Three of the most terrifying words in the English language are fifth-grade band. To give a hormonal preteen a trumpet? Maniacal. Obviously, I signed up.
When it came time for my “audition” — a very casual conversation with the band director about what instruments I was interested in — I told him I wanted to play the saxophone or percussion. (I didn’t tell him this was only because I thought they’d make me look cool and I had unrequited crushes on people who I knew wanted to play saxophone and percussion.) Regardless, he handed me a brass mouthpiece and said, “See if you can make a sound with this.” Then I made a fatal mistake: I made a sound. I left being told that I would learn to play the French horn.
As an 11-year-old, I hated the French horn for all the reasons you’d expect: I didn’t like being told to practice; it was a hard instrument to tote around and even more difficult to play; and it was far less cute than the clarinet or flute. But by fifth-grade standards, I was decent at it! In fact, I was first chair for most of fifth grade and middle school — please clap. During one concert, I had the distinct privilege of playing “Michael, Row the Boat Ashore” all by myself — you may clap again. The adult approval and occasional applause did make me like the French horn a little more but not enough to stick with it. I stopped playing once I got to high school.
But as the saying goes — it doesn’t — if you hate something, let it go, and if it returns years later, completely unprompted, it was meant to be whether you like it or not.
A couple of months ago, my neighbor knocked on my door at 8 p.m. with a French horn in his hand. He asked my husband, who plays music, if he happened to have any use for the instrument; it used to be his daughter’s but she no longer wanted it. Now, nearly two decades after letting the French horn go, she’s back for more.
Relearning the French horn is nothing like riding a bike. Though I can still make sound with relative ease, those sounds are … not great. Plus, I have forgotten most of the fingerings. (That’s French horn for which buttons to press in order to play different notes — relax.) And speaking of salacious details, I also forgot that brass instruments, like the French horn, have a valve designed to collect a pool of your spit. While cutie woodwinds hold their reeds in their mouths to soak (borderline pornographic), horns are dumping out the contents of their spit valves onto the carpeted band floor. I recalled this latent middle-school memory as I poured my French horn spit into my bathtub, performing a familiar and depraved ritual for the first time since 2004.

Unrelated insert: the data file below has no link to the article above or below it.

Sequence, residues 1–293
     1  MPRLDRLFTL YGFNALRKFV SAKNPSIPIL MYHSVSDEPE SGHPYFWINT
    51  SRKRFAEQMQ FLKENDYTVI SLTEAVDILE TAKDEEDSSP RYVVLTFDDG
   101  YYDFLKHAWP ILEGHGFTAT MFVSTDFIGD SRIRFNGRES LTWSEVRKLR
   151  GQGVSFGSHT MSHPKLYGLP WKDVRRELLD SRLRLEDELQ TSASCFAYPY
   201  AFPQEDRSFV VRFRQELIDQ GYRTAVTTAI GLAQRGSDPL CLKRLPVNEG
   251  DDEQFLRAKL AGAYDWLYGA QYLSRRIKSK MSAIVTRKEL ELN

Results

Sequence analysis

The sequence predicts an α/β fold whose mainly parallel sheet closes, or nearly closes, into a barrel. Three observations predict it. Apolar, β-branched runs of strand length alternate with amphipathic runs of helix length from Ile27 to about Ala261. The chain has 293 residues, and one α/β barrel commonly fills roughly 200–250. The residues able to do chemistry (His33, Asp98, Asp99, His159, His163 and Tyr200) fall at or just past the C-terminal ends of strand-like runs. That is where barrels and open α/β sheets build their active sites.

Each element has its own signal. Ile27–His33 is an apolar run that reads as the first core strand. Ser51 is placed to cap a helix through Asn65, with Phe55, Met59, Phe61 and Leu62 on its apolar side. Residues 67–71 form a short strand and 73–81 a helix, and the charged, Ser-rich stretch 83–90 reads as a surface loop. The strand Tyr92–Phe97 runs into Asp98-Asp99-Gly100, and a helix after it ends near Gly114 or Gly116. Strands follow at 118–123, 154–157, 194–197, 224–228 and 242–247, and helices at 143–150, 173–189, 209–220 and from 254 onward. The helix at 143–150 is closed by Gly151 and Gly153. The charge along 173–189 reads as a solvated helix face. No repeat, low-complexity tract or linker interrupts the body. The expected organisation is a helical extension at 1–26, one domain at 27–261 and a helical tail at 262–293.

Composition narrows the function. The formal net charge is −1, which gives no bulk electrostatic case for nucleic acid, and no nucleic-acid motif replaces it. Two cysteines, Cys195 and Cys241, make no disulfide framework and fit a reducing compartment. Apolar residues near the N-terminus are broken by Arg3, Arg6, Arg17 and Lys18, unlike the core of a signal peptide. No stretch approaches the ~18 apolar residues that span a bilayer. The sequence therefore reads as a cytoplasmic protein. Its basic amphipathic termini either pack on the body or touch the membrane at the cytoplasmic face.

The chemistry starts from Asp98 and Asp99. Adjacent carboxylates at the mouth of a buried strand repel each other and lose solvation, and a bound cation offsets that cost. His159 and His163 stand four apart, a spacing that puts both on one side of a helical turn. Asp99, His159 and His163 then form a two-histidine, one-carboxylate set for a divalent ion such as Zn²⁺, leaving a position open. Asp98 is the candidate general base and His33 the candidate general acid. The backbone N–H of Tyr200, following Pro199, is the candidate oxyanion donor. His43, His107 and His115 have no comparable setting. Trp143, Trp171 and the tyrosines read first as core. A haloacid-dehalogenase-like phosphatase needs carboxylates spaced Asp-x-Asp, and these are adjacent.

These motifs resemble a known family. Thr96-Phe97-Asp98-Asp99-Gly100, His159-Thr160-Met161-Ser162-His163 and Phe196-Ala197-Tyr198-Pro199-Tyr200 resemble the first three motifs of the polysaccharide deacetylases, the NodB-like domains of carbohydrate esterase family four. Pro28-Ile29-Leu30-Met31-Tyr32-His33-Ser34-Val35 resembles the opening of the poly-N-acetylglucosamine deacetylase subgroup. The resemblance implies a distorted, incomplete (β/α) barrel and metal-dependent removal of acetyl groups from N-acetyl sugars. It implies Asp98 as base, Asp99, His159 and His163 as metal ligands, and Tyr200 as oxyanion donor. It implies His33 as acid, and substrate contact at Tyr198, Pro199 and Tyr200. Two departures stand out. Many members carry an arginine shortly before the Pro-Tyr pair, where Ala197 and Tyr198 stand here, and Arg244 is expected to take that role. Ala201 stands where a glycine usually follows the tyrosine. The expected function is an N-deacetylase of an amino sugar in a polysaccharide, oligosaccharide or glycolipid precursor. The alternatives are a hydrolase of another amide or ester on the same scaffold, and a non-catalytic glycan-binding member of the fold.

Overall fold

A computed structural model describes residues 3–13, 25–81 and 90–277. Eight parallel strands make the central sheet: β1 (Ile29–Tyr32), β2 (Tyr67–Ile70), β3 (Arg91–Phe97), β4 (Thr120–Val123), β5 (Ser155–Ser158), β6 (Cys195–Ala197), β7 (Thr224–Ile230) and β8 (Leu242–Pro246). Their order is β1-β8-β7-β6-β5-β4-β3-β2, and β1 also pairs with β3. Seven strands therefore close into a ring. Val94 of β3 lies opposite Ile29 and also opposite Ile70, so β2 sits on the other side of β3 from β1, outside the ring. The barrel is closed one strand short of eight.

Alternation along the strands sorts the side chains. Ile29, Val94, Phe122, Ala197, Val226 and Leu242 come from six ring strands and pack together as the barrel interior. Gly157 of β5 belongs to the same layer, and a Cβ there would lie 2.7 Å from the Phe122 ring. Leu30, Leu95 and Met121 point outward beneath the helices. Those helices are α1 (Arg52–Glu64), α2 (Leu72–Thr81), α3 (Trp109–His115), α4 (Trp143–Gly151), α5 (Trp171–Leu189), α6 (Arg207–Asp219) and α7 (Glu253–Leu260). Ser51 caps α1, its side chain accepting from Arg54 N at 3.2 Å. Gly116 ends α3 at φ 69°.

It is very easy to be bad at the French horn. The instrument is deceivingly difficult given that there’s only four keys you press and, to play, you basically just make a fart with your mouth. In fact, it’s considered one of the hardest instruments to play, which, in hindsight, makes my middle-school self a prodigy. Fortunately, stumbling into French horn ownership has relieved any pressure to be good.
There is no good reason for me to play the French horn. I’m a 31-year-old writer with no desire to join an orchestra. I have tried and failed to pick up more practical interests, but historically I am not very good at having hobbies. I learned to cross-stitch early during quarantine, but now I only do it occasionally when I feel like stabbing something a bunch. I’ll paint or play guitar every once in a while, but I have this adorable quirk where I desperately crave the approval of others. So if I make something, I want to be able to show people so they can say, “Wow! And this is just something you do for fun? Amazing!” Also, when I learn something new, I want to miraculously be an expert at it lest I drop it immediately. Neither mind-set is conducive to most hobbies. In this sense, playing the French horn is the perfect hobby for me.
I have no goals when it comes to playing the instrument. When I practice, I look at a fingering chart, attempt to play “Happy Birthday,” giggle a little when I inevitably go bwaaaah on a wrong note, and call it a day. I intend to only ever play at home, where my dog is my most attentive audience. She has no concept of time signature or key or what music even is, so she’s easy to impress. No one is telling me to practice, which, unfortunately, does make me want to practice more. There are no concert solos, no first chairs, no crushes playing drums who I desire to look cool in front of. It’s just me and this fun, terrible music I am making. Not to toot my own horn, but I’m getting pretty good at being bad. Honk, honk.
More From This Series
- I Make Ceramics to Keep My Hands Busy
- I Need to Be a Wine Person
- Pole Dancing Helped Me Regain Control of My Life